Mr. Johnson, Pitchers’ ‘Wins’ Are Misleading
Last Thursday, Randy Johnson became the 24th pitcher in baseball history to get at least 300 wins. While, relatively speaking, this is a remarkable feat, the way in which the pitcher’s W is calculated in baseball is misleading. Baseball purists will argue till their death that it makes sense, but to me a pitcher’s W in baseball is a deceptive statistic that should only be taken with a grain of salt.
First, the definition. A ‘win’ is a statistic in Major League Baseball credited to the pitcher for the winning team who was in the game when his team last took the lead.
There are two exceptions. The more common exception is that a starting pitcher must complete five innings to earn a win (four innings for a game that lasts only five innings on defense). I’m assuming the rule makers picked five innings because that makes it the majority of the game (they could have also picked six or seven, thus making it even more difficult to earn a win, but settled on five). If the starting pitcher fails to meet the innings requirement, the official scorer awards the win to the relief pitcher who, in the official scorer’s judgment, was the most effective.
One problem with this rule is that a starting pitcher can earn a ‘loss’ in no set number of innings, even though he might not pitch the majority of the game, and even though his relievers can give up runs as well. It makes sense that the pitcher gets the loss, but if he does while pitching less than five innings, than logically he should be able to get a win for pitching less than five innings. That aside, there’s an even bigger reason why the ‘five innings for a starter’ rule does not make sense, and that is because an ‘effective’ relief pitcher can earn a victory without pitching five innings. Simply speaking, that’s inconsistent. Why should a starter be unable to earn a victory without pitching five innings when a reliever can come in, pitch one inning, and get the W? Not fair.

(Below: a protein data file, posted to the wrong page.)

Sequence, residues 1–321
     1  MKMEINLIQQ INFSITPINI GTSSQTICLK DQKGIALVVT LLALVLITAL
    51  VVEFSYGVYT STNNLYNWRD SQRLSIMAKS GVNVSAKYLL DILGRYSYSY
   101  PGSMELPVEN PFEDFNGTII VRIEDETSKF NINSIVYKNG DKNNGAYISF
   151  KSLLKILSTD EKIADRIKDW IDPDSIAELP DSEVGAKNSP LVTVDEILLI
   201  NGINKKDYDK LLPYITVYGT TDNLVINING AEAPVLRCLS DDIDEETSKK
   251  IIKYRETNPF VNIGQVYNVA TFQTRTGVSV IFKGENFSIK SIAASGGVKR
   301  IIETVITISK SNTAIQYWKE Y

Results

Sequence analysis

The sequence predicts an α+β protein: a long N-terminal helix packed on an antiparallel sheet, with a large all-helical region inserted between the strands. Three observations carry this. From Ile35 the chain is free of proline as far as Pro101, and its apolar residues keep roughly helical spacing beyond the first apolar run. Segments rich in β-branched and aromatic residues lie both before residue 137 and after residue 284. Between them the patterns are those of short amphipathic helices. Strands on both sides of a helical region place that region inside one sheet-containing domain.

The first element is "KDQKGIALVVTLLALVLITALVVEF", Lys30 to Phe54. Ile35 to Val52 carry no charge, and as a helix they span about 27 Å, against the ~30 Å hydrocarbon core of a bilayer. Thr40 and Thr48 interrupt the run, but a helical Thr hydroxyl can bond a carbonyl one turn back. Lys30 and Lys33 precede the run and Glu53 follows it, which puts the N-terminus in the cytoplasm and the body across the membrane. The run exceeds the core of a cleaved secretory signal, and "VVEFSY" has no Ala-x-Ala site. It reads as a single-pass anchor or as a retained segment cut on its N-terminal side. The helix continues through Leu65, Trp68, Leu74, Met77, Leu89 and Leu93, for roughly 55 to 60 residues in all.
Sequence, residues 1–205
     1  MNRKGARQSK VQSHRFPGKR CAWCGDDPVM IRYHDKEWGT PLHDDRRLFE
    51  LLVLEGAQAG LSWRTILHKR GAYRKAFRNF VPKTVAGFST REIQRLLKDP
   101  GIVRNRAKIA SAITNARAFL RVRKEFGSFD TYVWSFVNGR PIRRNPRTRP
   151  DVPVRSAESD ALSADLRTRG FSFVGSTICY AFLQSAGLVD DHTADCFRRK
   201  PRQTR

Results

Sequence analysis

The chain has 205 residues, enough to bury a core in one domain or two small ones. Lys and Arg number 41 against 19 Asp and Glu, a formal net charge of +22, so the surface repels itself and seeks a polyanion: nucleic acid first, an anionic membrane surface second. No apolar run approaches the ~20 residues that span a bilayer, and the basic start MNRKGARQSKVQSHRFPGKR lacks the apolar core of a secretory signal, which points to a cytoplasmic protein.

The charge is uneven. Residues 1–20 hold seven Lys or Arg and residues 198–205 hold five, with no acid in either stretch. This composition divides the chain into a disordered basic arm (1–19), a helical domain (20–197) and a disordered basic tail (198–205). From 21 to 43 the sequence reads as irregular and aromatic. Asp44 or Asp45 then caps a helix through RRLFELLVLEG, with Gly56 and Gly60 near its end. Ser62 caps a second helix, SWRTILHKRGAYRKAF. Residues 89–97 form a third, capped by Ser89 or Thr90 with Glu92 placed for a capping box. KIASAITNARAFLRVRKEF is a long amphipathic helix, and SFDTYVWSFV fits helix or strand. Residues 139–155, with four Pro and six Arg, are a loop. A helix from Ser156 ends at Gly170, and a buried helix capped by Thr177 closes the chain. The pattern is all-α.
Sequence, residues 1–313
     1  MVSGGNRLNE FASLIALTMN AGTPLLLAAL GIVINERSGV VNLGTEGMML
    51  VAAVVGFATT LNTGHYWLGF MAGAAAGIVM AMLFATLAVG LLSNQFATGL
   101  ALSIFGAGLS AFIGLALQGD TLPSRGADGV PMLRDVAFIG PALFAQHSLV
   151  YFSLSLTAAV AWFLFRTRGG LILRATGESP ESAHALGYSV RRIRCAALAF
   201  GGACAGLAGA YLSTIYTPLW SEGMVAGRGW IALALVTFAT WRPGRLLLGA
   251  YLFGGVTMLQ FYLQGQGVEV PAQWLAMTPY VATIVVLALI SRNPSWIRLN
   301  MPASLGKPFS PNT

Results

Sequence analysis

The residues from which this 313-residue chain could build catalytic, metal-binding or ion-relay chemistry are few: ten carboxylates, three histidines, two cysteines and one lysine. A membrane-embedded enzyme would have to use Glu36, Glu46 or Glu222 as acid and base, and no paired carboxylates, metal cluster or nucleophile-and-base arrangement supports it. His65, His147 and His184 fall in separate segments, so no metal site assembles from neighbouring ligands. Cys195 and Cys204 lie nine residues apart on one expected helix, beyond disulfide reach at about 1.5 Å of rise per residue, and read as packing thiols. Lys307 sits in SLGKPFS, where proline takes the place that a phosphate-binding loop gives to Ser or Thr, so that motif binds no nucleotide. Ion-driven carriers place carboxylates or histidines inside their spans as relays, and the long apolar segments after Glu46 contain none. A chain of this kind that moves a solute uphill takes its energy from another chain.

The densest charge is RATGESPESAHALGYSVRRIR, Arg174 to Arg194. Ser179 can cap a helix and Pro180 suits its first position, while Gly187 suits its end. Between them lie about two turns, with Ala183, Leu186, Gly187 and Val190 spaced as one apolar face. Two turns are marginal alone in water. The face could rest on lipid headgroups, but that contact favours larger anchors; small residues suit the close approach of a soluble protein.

The second exception applies only to a relief pitcher who makes a “brief appearance” and is himself later relieved. If, in the official scorer’s judgment, the relief pitcher was “ineffective,” the win is awarded to the succeeding relief pitcher who was most effective, in the official scorer’s judgment. Again, I understand why baseball does this, but this still meddles with a straightforward formula.
I’ve also got to point out that a pitcher has almost no control over whether he gets a win, since he must rely on the team’s offense to score. Unlike other sports, baseball, relatively speaking, isn’t played in a way that defense can transition to offensive chances. For instance, great defenders in hockey, soccer, football and basketball can create scoring chances themselves. And let’s not forget that a pitcher must rely on his fielders to do their jobs (though if they don’t then they’re assessed errors and the hits and ‘earned’ runs don’t count to the pitcher, but a loss does).
The last thing that is misleading about a pitcher’s ‘win’ statistic is the fact that pitchers often rely on relief pitchers (who get ‘holds’ and ‘saves’) to complete the games for them, therefore putting the starter’s W in another person’s hand completely. Many years ago, it was more common for pitchers to pitch complete games, so when they earned a victory, it meant a hell of a lot more than a pitcher who is there for only 5/9th of a game (and especially a lot more than a reliever who gets the win while only playing one inning). That would be like hockey goalies playing only the first two periods of each game and getting a decision (which technically can happen but rarely does it result in a win). Therefore, complete game victories are the most accurate and unmolested W there can possibly be in this column (and even that relies on an offense to produce, which again is completely out of the pitcher’s hands. Pedro Martinez once retired 27 straight batters but didn’t get the victory because the Expos didn’t score).
So, my point is, MLB should remove the two exceptions to the rule as noted above, and also de-emphasize the stat entirely, and instead focus on ERA and highlight complete game victories.
My next article will be about why the Home Run statistic should be divided up between ‘clean’ and ‘roid-aided.’ Anyway, let’s watch Family Guy.